All About Insuring Pop-up Campers and Motorhomes
Summer is finally here. What sunshine-filled adventures do you have planned? Maybe they involve tents, towable pop-up campers, or luxurious motorized vehicles. You’re ready, but are you properly insured? Here are some factors to consider before wandering into the great outdoors:
Tents or gear: Your car is covered under your auto insurance policy, but the policy typically doesn’t provide coverage for personal belongings. If your tent and/or camping gear is damaged in an accident, fire or storm, auto insurance won’t cover your losses. That said, these summer essentials can be covered under renters or homeowners insurance.
Motorhomes: Motorhomes need to have the same minimum liability coverage required for any vehicle. Since risk of serious injury is greater due to a motorhome’s size, it is highly recommended you carry liability limits higher than state minimums. For physical damage to the motorhome, you’ll need comprehensive and collision coverage, just like any vehicle. Unlike standard auto policies, most insurers will provide contents coverage on motorhome policies.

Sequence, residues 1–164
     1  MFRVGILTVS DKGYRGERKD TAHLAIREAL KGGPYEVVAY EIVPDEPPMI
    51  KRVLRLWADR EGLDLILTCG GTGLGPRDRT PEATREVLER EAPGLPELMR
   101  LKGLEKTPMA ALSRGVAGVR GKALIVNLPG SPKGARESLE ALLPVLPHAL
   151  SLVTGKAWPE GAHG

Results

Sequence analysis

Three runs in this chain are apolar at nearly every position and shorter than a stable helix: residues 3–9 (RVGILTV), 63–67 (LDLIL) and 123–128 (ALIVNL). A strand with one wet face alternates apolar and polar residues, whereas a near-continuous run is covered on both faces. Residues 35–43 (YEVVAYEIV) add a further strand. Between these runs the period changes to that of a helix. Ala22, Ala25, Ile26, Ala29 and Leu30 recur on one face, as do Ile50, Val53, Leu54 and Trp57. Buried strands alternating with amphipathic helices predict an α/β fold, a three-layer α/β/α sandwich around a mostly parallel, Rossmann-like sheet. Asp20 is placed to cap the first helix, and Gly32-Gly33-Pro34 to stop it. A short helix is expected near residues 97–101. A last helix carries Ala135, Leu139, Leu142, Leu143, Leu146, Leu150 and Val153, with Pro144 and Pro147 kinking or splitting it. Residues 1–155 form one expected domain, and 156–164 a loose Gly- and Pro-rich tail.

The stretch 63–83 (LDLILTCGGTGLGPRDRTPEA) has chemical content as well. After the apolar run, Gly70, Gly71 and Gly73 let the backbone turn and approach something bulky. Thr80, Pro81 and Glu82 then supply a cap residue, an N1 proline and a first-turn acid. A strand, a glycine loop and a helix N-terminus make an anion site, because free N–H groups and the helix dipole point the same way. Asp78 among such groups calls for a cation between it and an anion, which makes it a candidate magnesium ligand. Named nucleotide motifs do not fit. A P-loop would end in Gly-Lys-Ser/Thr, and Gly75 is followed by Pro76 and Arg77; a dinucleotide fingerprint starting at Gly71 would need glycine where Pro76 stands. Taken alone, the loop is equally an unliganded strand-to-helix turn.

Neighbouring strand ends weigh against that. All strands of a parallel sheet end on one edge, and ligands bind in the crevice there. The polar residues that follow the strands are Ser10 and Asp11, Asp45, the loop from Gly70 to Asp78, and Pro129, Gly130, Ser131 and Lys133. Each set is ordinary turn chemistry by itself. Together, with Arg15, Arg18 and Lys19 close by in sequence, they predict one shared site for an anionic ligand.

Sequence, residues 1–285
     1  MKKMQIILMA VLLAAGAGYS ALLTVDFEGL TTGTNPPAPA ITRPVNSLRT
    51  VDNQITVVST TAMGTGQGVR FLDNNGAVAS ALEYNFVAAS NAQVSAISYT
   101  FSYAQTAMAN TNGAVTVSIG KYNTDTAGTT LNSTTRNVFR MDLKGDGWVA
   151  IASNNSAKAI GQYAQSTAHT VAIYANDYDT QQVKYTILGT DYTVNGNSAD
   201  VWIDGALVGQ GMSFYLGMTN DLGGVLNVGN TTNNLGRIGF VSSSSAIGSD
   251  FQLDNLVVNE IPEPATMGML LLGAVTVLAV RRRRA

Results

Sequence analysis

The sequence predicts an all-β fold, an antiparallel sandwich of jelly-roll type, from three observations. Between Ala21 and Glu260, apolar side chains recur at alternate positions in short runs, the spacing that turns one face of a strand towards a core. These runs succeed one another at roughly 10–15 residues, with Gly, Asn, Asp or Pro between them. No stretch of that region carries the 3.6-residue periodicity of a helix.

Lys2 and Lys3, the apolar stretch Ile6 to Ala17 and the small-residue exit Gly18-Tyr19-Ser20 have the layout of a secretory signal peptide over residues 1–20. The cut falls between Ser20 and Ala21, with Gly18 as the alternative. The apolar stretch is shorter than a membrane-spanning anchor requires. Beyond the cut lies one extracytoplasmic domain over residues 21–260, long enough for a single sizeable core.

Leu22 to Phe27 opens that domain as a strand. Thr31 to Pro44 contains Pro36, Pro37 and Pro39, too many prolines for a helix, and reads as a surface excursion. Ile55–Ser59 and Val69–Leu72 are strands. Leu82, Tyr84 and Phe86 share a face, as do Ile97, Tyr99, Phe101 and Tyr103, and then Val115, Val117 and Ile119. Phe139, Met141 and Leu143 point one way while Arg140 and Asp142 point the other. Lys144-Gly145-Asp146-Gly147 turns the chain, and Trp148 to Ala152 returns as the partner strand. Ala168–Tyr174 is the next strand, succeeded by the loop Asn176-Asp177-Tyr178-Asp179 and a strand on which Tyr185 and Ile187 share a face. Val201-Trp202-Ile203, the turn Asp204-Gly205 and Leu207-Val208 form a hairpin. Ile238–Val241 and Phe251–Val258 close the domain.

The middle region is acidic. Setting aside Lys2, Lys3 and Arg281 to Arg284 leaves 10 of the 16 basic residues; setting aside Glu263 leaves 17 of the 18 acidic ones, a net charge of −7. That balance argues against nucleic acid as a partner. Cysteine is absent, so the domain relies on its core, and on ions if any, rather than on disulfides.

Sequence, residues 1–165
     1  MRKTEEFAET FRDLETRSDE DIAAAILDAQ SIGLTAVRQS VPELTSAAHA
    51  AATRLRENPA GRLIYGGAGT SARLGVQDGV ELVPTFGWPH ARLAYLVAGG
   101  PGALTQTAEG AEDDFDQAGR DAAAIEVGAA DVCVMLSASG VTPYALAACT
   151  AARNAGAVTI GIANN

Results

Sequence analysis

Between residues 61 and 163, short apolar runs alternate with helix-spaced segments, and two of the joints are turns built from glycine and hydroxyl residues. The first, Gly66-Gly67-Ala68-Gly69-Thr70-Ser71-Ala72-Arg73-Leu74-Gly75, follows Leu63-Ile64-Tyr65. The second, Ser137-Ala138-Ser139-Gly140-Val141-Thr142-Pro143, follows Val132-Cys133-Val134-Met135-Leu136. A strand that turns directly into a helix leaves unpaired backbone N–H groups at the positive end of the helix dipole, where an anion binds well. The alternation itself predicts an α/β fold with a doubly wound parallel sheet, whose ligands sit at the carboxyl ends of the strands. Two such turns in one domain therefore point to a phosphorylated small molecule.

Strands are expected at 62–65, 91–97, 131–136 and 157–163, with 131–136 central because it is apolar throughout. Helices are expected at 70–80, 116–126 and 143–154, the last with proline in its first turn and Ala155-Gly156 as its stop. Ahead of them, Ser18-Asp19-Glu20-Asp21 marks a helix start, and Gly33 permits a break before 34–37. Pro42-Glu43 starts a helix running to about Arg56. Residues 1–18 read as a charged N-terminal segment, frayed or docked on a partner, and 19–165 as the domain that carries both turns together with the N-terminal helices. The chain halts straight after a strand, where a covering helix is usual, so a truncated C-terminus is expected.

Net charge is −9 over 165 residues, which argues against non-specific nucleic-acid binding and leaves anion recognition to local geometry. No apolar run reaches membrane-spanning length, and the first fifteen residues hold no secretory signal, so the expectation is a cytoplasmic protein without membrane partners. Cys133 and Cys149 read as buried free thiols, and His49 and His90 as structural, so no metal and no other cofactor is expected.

Towable pop-up campers: Whenever you pull something with your vehicle, the vehicle’s liability coverage extends to the item you’re pulling. Since the risk of injury to others or property damage is higher if you’re pulling a camper, opt for the highest liability limits available.
Note that this coverage is for liability only. Physical damage coverage isn’t extended from your vehicle’s policy to whatever you’re pulling. To cover damage to your pull-behind, add specific comprehensive and collision coverage for it.
Once Upon a Time—Canine-Style
Question: What has four legs, barks, and can help your child read? Answer: A canine tutor.
If your child is struggling with reading or behind in homework, there is a wonderful proven solution that works on several levels. READ, or Reading Education Assistance Dogs, is a literacy program that started in Utah with the goal of helping children develop their reading skills. Now the program, or a variation of it, has spread across North America, and it’s likely available at a school or library near you.